California Property Tax Laws and Regulations
Proposition 13 (passed 1978) limits the property tax rate to 1% of assessed value plus amounts required to repay any assessment bonds approved by the voters. Annual increases to the assessed value are limited to the inflation rate or 2%, whichever is less. There have been numerous propositions refining the details of Proposition 13.
If the tax assessment is reduced because of a decline in value, the property assessment can climb as quickly as the assessed value in the future until it reaches the Proposition 13 value.
This applies to transfers within one county.
This applies to transfers between two different counties, both of which must have ordinances allowing the transfer.
If a person has transferred their tax assessment based on age, they may later do a second transfer based on disability. If a transfer has been done based on disability, age can not be used as the basis for a later transfer.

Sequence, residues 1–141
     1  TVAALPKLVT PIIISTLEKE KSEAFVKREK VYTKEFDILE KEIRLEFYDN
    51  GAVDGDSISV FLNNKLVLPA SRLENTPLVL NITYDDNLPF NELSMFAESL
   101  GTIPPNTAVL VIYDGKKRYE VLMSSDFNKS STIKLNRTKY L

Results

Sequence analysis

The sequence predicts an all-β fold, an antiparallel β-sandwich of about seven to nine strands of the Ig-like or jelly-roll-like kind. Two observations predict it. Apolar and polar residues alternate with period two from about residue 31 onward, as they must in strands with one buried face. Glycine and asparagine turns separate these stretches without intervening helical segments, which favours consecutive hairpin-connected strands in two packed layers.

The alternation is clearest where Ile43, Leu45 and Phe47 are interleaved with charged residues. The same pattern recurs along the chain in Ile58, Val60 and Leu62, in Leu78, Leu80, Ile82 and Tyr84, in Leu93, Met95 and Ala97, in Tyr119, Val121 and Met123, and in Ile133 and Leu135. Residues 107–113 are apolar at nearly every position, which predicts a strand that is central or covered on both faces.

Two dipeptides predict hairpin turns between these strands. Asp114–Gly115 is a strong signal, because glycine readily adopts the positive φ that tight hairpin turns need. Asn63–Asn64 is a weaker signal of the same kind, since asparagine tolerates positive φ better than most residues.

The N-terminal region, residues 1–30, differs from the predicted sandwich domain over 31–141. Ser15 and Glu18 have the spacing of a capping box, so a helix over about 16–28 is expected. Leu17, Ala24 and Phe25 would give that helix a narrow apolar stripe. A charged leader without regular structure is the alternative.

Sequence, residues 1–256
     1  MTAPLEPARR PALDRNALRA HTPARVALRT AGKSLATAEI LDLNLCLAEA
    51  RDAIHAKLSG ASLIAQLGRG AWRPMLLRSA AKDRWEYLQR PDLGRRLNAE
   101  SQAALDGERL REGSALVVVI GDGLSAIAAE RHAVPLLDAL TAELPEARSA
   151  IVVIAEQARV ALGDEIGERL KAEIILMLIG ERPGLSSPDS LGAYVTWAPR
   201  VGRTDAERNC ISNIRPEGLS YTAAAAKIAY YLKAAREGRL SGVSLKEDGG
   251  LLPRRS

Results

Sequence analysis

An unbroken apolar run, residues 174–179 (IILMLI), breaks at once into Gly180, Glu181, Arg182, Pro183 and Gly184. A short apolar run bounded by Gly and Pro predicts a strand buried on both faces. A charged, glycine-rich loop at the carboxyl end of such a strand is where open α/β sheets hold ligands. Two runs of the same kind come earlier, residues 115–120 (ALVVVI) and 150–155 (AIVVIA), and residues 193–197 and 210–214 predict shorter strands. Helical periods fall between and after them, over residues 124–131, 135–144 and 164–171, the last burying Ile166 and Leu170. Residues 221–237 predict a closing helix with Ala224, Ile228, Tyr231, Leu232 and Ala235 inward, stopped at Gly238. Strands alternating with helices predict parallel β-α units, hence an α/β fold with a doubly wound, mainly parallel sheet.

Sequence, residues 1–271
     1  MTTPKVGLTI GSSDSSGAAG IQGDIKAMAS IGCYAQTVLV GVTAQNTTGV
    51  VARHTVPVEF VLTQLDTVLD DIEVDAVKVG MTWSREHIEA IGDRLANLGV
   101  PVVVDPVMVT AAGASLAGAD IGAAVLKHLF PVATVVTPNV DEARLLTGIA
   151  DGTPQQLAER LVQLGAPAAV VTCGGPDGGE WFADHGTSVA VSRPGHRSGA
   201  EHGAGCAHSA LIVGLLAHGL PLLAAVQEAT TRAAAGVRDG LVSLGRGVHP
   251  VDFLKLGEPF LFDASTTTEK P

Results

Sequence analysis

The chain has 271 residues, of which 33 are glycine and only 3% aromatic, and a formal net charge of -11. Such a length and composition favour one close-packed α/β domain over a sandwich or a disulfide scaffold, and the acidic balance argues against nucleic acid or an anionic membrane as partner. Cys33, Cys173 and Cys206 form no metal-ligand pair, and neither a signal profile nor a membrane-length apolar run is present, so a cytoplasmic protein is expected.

Additional California Property Tax Information
Please see the California State Board of Equalization website for more details.
Santa Clara County Property Taxes
The property tax for a home in Santa Clara County can be estimated by multiplying the purchase price by 1.25%. The property tax is 1% but there are typically 0.25% special assessments added.
To find which special assessments a property is currently subject to, go to:
Find the property you are interested in, then click the link under the column heading APN Suffix.
Santa Clara County publishes the special assessment tax rates at:
San Mateo County Property Taxes
Please check one of the best summaries about San Mateo’s County property tax programs HERE.
Other California Property Tax Programs
California Williamson Act Program
The Williamson Act, aka the California Land Conservation Act of 1965, enables local governments to enter into contracts with private landowners for the purpose of restricting specific parcels of land to agricultural or related open space use. Though this does not affect most Silicon Valley home purchasers, it may be of significant value to people wanting to have a significant vineyard, orchard, or garden to provide income as they approach or enter retirement. By entering a contract with local governments specifying they will not convert their land to development for housing or commercial buildings, significant property tax reductions might be achieved.